Nigerians Set To Experience Fuel Scarcity As NUPENG Goes On 3 Days Strike


The National Executive Committee of the Nigeria Union of Petroleum and Natural Gas (NUPENG) Workers have taken a decision to commence a three-day warning strike to protest “anti-labour practices” in the oil and gas sector.

The President of NUPENG, Mr. Achese Igwe, who spoke with journalists shortly after a meeting of the NEC of NUPENG, said further steps by the union would depend on the outcome of a meeting between the union and the Federal Government on Wednesday.

Igwe said that the union would attend a meeting initiated by the Minister of Labour and Employment, Senator Chris Ngige, with the Minister of State for Petroleum, Mr. Ibe Kachikwu, on Friday.

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He said while the Director-General of State Services, Mr. Lawal Daura, had intervened to stop the planned action, the NEC felt that it must take place, after deliberations.

Igwe said though the strike would commence on Wednesday, the decision to continue with it would be reached at the meeting with the Federal Government delegation on Wednesday.

He said the strike became necessary in order to draw attention to pressing issues in the oil and gas sector, such as casualisation, job security, non-implementation of collective agreements and non-involvement of the union in the ongoing divestment system by Shell Petroleum Development Company Limited and others.

He said:

“The NEC held a meeting on Tuesday to review the three-day warning strike that was scheduled to kick off today (Wednesday).

“However, as you are all aware, it is not an indefinite strike; it is a symbolic strike action to drive home some of those issues that are really challenging, and to give them the ultimate attention as expected.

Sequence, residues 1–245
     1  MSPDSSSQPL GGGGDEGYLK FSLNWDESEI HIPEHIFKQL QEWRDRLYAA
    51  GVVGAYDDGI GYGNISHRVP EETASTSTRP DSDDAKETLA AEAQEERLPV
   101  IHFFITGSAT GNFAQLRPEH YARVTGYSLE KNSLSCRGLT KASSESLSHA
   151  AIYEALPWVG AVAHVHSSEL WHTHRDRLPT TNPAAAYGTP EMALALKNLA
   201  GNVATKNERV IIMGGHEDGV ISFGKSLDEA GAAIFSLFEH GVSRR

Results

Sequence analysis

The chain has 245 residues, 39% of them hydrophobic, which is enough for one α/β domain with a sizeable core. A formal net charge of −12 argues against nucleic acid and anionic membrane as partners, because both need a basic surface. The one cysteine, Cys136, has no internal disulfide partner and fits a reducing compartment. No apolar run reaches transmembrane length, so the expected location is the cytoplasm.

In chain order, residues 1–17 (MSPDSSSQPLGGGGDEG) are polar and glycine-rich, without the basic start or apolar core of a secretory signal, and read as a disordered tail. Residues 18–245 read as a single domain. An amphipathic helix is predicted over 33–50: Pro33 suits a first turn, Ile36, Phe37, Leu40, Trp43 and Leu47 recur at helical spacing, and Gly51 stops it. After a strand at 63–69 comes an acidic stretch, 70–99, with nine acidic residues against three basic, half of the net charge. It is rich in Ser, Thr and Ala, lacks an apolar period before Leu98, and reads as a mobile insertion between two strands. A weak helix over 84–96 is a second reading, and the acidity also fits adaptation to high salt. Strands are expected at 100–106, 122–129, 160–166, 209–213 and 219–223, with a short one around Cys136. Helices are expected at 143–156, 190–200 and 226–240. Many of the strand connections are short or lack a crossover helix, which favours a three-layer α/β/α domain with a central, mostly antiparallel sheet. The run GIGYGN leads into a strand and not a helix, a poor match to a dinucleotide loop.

“They have to do with casualisation, job security, non-implementation of collective agreements across the entire country in the oil and gas sector and the balkanization of the ongoing divestment system.”

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“NEC directed that pending the outcome of the meeting, the three-day warning strike will take place. The Ministry of Labour has called for a meeting with the Minister of Petroleum.

“We are positive that the meeting will resolve the issues; where it fails, the three-day warning strike will take place.”

Igwe added that over 4,000 oil workers have lost their jobs due to the ongoing divestment by Shell and other oil firms, which excluded the union.

He said several oil firms, including Halliburton, are closing shop, while Saipem has folded up.

Igwe also lamented that most of the multinational oil firms had workers who have lost their jobs were sent away without benefits and have been unable to meet family obligations.